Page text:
Survival of patients with alcoholic and cryptogenic cirrhosis without liver transplantation: a single center retrospective study
1 University Medical Unit, Colombo North Teaching Hospital, Ragama, Sri Lanka
2 Departments of Medicine, Ragama, Sri Lanka
3 Departments of Public Health, Ragama, Sri Lanka
4 Departments of Pharmacology, Faculty of Medicine, University of Kalaniya, Ragama, Sri Lanka
BMC Research Notes 2012, 5:663 doi:10.1186/1756-0500-5-663Published: 2 December 2012
There is no recent data addressing the long term survival of cirrhosis patients without transplantation, but with the availability of optimal pharmacological and endoscopic therapies. We compared the long term transplant free survival of alcoholic (AC) and cryptogenic (CC) cirrhosis patients in a setting where liver transplantation was, until very recently, not available. AC and CC patient details were extracted from our database, maintained since 1995. For those who had not attended clinics within the past 4 weeks, the patient or families were contacted to obtain survival status. If deceased, cause of death was ascertained from death certificates and patient records. Survival was compared using Kaplan-Meier curves.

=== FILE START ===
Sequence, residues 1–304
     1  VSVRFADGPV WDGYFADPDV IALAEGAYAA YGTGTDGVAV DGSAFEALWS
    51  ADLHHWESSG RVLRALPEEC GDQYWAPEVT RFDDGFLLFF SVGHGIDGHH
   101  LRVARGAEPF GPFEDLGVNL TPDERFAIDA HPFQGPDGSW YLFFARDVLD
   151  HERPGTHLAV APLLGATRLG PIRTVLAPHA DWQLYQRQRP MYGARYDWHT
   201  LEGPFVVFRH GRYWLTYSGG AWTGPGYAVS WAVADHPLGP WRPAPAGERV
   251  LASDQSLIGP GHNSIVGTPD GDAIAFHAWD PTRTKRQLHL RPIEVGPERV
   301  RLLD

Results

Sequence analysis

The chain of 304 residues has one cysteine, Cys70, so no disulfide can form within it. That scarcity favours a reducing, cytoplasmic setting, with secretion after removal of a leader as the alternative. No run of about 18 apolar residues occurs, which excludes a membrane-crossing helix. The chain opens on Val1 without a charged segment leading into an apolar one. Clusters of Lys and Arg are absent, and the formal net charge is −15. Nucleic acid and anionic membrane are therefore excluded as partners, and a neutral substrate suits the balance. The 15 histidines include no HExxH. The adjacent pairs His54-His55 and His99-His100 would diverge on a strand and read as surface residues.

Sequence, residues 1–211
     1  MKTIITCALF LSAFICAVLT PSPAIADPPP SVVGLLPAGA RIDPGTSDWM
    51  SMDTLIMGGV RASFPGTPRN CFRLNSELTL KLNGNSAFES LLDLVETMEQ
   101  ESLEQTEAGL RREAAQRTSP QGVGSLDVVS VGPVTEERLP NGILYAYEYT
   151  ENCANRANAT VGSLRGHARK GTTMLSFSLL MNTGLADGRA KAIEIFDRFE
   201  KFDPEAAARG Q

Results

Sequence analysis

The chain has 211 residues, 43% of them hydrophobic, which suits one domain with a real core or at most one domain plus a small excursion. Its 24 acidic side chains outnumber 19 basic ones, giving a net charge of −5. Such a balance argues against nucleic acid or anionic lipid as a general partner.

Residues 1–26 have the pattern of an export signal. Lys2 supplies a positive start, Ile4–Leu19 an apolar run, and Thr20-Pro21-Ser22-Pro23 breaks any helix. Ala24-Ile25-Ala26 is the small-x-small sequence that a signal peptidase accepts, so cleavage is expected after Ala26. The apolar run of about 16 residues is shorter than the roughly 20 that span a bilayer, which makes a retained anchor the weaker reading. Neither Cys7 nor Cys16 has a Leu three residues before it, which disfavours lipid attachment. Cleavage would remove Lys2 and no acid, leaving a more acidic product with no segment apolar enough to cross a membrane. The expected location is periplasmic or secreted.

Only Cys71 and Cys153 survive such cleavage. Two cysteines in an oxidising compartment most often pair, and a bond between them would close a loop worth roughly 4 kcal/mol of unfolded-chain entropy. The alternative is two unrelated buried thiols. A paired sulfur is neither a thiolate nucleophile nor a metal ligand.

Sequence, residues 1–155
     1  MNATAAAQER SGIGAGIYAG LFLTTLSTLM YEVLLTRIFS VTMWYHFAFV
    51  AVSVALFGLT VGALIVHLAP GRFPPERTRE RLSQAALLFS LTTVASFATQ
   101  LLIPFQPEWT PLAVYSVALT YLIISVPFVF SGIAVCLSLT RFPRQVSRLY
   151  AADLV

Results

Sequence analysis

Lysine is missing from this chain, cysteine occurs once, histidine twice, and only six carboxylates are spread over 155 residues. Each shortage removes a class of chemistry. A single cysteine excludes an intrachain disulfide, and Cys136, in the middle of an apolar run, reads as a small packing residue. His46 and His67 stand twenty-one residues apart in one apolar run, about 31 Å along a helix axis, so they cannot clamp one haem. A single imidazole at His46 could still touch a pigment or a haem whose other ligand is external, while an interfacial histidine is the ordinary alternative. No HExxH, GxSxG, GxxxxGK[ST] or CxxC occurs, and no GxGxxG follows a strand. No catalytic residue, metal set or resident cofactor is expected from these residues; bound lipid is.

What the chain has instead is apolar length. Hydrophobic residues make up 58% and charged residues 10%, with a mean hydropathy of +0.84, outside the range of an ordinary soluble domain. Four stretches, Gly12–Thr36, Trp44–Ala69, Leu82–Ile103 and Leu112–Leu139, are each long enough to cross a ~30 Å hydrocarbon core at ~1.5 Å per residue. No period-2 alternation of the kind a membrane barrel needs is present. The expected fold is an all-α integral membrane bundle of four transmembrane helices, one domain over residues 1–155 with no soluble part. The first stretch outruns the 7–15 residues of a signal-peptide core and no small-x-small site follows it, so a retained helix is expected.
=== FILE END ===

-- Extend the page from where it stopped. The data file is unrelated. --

Complete details were available in 549/651 (84.3%) patients (AC 306, CC 243). Mean follow up duration (SD) (months) was 29.9 (32.6). 82/96 deaths (85.4%) among AC and 80/94 deaths (85.1%) among CC were liver related. Multivariate analysis showed age at diagnosis and Child’s class predicted overall survival among all groups. The median survival in Child’s class B and C were 53.5 and 25.3 months respectively. Survival was similar among AC and CC. Among AC survival was improved by abstinence [HR = 0.63 (95% CI: 0.40-1.00)] and was worse with diabetes [HR=1.59 (95% CI: 1.02- 2.48)] irrespective of alcohol status.
The overall survival of AC was similar to CC. Death in both groups were predominantly liver related, and was predicated by age at diagnosis and Child class. Among AC, presence of diabetes and non-abstinence from alcohol were independent predictors for poor survival.